- By David BoscoDavid Bosco, a Foreign Policy contributing editor and assistant professor at American University's School of International Service. He is at work on a book about the International Criminal Court's first decade.
Peña Nieto’s administration sees Blanco’s candidacy for the WTO job as a perfect vehicle to project Mexico as a defender of free-trade values and practices globally. The 46-year-old president has personally backed Blanco for the post, and he tasked the country’s foreign ministry, as well as the network of embassies and consulates around the world, to explore ways of promoting the Mexican’s chances wherever and whenever possible.
Leading the campaign co-ordination is Lourdes Aranda, a respected and highly capable member of Mexico’s foreign service, who was a key figure during Mexico’s time in the presidency of the G-20.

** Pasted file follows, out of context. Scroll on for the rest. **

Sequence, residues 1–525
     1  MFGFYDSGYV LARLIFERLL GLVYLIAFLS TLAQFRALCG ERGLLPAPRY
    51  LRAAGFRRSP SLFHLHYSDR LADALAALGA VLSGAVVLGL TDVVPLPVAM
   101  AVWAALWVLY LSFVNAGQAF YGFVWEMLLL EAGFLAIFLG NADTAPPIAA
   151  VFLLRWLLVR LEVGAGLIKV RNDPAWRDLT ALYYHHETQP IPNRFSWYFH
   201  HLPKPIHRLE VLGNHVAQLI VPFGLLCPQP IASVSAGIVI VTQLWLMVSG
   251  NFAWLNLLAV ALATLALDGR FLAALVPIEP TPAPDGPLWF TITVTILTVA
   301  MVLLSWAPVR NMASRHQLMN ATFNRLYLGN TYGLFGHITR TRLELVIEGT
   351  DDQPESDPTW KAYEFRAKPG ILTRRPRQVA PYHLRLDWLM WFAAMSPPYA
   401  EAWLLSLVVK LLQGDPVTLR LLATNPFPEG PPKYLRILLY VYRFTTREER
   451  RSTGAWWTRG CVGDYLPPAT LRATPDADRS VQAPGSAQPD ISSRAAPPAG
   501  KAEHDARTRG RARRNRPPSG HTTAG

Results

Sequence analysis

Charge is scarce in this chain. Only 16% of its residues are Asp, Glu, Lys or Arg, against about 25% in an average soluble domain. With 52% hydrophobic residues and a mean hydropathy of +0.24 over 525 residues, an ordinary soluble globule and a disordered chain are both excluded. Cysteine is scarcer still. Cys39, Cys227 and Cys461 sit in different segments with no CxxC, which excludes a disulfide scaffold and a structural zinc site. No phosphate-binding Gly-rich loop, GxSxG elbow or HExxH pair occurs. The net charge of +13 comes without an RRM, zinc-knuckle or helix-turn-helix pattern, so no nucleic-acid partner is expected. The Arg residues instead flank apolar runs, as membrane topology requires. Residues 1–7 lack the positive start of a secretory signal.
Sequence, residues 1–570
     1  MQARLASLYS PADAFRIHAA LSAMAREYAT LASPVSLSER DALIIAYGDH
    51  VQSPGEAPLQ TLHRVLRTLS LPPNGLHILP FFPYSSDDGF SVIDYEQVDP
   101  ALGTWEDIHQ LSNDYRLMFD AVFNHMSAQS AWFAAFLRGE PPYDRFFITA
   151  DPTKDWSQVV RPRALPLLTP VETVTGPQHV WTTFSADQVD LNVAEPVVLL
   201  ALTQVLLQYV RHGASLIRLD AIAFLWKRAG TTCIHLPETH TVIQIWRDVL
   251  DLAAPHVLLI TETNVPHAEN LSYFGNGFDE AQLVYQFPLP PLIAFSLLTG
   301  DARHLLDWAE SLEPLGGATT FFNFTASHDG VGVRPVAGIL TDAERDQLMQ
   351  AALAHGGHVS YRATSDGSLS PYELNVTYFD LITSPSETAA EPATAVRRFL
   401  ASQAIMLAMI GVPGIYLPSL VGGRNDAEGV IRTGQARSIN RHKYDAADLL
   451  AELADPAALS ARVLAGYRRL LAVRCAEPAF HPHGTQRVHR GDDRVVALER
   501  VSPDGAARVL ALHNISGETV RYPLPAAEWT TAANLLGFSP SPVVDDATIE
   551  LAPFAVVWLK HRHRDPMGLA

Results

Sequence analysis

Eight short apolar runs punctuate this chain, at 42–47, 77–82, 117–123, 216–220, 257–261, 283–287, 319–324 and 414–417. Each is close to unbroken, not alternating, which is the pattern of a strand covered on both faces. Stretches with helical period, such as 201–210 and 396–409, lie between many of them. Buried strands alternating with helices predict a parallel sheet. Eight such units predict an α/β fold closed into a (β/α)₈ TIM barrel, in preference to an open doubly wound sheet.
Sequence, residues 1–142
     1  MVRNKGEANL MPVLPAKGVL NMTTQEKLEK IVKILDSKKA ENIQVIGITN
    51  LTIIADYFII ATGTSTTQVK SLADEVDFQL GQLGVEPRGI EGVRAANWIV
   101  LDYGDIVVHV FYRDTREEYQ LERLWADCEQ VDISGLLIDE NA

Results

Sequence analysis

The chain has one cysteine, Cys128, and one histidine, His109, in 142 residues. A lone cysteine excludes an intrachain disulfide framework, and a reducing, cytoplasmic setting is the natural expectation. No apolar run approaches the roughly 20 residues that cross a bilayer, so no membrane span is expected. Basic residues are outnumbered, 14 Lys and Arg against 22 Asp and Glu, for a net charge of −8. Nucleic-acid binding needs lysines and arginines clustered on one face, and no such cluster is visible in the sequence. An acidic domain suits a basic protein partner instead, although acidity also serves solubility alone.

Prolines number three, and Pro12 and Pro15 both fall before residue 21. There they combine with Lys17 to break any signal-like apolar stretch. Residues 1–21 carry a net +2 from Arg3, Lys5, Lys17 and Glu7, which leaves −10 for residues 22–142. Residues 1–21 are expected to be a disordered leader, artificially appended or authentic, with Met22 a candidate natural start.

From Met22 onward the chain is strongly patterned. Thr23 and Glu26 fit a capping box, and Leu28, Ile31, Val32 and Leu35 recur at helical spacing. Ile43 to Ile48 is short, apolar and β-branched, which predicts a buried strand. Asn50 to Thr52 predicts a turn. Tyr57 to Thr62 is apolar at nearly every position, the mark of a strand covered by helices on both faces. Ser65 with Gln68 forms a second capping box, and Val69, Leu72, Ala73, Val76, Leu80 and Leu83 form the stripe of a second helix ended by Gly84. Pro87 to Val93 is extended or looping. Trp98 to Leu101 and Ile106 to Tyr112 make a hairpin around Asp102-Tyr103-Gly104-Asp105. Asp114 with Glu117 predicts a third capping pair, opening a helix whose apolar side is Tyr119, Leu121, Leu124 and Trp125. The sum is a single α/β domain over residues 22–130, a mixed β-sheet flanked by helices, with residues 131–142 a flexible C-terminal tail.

Such commitment from the state creates a telling contrast with the experience of Angel Gurría, Mexico’s former finance minister who in 2006 made it to the top job of the Organisation for Economic Co-operation and Development thanks mainly to his own substantial efforts. Greater support from Mexico’s previous administration for Agustín Carstens, Mexico’s central bank governor, may not have changed the outcome of his failure to reach the top post at the International Monetary Fund. But it wouldn’t have hurt, either.